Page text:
James Beattie: Yeah. So I'm James Beattie and I'm 20 years old. I started doing eCommerce just a little over a year now, so I think it was back in June 2016. At that time I was working for Price Waterhouse Cooper, one of the big accounting firms in the world, and I was there, I was working. I'd been there for about a year, went there straight after school. And it was just that nine to five, or I'm sure from you living in London, you know that it's not nine to five, it's nine to nine or nine to one at night.

And I was very hard and working very hard for them, and I knew that wasn't for me, the corporate life. So I knew that I needed a change, and I'd previously done some stuff online back since I've been about 16 or so, I've been. Started off doing some freelance website I built, and their graphic design stuff. Then I moved into… was doing Instagram, was building up these big influencer accounts, and selling basically ad space on them accounts.

And I was still doing that when I was at PwC, but I knew I needed to do something. So that was done, and I decided I've got to make some moves here. I don't want to be stuck here doing this all my life in the corporate world. So I found one of the guys who actually is big in the ecom space, and he came to me to do a promotion on one of my accounts, and he was promoting a webinar he was doing, and I hopped on his webinar.

Long story short, I ended up buying his course, went through and I did it first for a month or two, had no real success at all and I was getting annoyed. Couldn't get any traction, couldn't get any products to work. And I think I see a lot of people now doing the same sort of thing, and it's like if you're listening to this and you're just getting started and you're struggling, it takes time. It's not just going to happen like that. And I think that's where a lot of people miss out, they think that it's going to be instant and they end up quitting.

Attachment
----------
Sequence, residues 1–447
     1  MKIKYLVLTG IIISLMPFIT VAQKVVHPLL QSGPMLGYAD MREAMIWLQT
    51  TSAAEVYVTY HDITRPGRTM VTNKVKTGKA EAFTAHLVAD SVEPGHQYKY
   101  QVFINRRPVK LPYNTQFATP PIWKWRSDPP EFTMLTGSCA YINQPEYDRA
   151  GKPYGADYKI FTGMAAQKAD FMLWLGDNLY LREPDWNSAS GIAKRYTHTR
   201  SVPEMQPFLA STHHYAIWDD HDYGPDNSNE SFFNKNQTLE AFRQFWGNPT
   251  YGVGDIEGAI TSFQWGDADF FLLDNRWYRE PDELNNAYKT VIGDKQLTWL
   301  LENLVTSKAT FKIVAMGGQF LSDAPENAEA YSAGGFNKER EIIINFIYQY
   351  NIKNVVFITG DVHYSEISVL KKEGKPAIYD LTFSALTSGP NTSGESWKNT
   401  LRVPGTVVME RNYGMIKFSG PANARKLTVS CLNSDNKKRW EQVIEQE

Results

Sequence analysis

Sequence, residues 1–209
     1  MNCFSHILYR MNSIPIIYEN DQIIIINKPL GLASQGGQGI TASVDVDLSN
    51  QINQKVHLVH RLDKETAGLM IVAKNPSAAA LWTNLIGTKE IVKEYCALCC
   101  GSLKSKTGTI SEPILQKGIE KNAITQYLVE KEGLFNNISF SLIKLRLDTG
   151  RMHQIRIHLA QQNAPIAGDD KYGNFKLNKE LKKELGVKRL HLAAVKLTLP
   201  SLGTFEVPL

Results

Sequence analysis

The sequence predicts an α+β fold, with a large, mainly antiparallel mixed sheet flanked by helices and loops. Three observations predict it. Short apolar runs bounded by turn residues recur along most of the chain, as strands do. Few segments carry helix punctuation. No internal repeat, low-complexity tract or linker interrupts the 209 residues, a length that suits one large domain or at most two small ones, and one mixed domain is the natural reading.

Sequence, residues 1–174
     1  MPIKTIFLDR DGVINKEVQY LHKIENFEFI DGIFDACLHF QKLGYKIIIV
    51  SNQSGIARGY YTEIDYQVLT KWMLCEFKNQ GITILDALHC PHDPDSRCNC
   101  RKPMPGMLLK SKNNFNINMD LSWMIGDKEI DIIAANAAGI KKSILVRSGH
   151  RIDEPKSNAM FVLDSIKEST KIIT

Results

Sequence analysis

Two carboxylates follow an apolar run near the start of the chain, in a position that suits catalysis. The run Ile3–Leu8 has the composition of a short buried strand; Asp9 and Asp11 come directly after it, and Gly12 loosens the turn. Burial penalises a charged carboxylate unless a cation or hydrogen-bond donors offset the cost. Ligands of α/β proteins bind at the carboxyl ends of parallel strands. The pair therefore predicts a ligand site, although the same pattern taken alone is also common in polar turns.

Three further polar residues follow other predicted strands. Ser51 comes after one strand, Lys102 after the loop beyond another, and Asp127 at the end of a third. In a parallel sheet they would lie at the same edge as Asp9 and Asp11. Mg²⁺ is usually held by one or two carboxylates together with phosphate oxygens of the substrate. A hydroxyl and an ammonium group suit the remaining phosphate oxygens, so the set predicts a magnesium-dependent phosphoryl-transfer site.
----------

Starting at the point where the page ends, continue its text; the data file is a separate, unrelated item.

But it took me about a month and then I hit a product that started to do pretty well. And pretty much since then, we took off, we started to build around that product and started to launch new stores. And I think in total, since about last year, we've done about $1.5 million in revenue since then, and then we've grown our group, ECOM INSIDERS, we've over 25, 000 members in there in Facebook group, and everyone's built a great community where everyone communicates. I share a lot of stuff on my YouTube channel about my journey and how I've got to where I am now.

David De Souza: That's pretty cool. And so that just in little over a year, is that right?

James Beattie: Yeah. So that was… I started in June 2016 and then I left my job in October I think, or end of November, I left my job and I've been at this full-time since.

David De Souza: Yeah, man. I think that's awesome. I've got an accounting background myself, but one, I think it is a really cool point to touch on because PwC, it's a big firm, you easily could've had a career there, but also just the fact that you've done this by the age of 20, and it really shows the doubters that don't need to have 50 years of life experience in order to make a million online. And the fact that you've come from a really credible base to start your career, that this really is a serious thing for you and it's a way to make a living.